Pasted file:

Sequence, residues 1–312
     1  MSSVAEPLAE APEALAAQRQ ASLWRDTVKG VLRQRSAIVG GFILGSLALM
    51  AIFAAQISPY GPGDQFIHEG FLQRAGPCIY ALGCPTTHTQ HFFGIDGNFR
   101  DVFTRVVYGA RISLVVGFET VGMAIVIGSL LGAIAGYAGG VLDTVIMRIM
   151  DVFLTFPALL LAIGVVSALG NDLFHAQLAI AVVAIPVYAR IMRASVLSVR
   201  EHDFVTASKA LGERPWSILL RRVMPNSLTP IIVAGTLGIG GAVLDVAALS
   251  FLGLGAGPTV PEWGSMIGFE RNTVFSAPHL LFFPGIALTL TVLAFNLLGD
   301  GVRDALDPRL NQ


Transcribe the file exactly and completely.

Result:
Sequence, residues 1–312
     1  MSSVAEPLAE APEALAAQRQ ASLWRDTVKG VLRQRSAIVG GFILGSLALM
    51  AIFAAQISPY GPGDQFIHEG FLQRAGPCIY ALGCPTTHTQ HFFGIDGNFR
   101  DVFTRVVYGA RISLVVGFET VGMAIVIGSL LGAIAGYAGG VLDTVIMRIM
   151  DVFLTFPALL LAIGVVSALG NDLFHAQLAI AVVAIPVYAR IMRASVLSVR
   201  EHDFVTASKA LGERPWSILL RRVMPNSLTP IIVAGTLGIG GAVLDVAALS
   251  FLGLGAGPTV PEWGSMIGFE RNTVFSAPHL LFFPGIALTL TVLAFNLLGD
   301  GVRDALDPRL NQ